Understanding how wills work

Arizona property owners who do not already have an estate plan may want to start thinking about how to pass their property on after they pass away. If a person holds a joint tenancy with a right of survivorship and only one owner dies, the other owner will take full possession of the property. However, if both owners die, or if the property does not have a right of survivorship, then a will or trust may be necessary to pass the house along to a specific person.

One drawback of a will is that it needs to go through probate court before assets in the will can be distributed. Once in probate court, certain individuals will have an opportunity to contest the will and say that it is not valid or that it should not be enforced as written. These individuals include people who were owed money by the asset holder at the time of that person’s death. These creditors may be entitled to repayment before anyone else can be paid. Family members and people named in the will may also challenge it.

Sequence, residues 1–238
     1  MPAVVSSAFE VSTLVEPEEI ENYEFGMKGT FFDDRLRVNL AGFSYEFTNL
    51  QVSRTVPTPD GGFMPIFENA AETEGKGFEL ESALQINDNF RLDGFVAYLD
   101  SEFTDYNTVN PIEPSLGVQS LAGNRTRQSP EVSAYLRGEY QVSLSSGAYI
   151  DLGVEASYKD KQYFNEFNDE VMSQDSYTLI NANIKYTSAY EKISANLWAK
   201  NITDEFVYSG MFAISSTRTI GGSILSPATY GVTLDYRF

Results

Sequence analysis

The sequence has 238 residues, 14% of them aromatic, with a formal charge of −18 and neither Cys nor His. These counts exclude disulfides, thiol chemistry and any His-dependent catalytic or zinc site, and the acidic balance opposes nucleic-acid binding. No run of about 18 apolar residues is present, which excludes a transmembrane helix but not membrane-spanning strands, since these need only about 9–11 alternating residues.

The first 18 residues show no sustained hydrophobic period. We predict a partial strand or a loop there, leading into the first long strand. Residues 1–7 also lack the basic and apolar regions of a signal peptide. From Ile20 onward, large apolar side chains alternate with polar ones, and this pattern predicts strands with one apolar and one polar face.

Why avoid probate if possible

Probate court can be costly and take months or even years to complete. If someone files probate litigation to contest a will, the litigation will likely drag the process out even longer. One way to avoid probate court is to create a living trust. Assets and property in a living trust can be passed on to beneficiaries without going through probate court. Assets given to a minor beneficiary can also be kept in the trust until that beneficiary comes of age.

Individuals who want to learn more about living trusts or other estate planning vehicles may want to consult with an estate planning attorney. Besides ensuring that assets are given to the right person, estate planning can have other benefits, such as with taxes.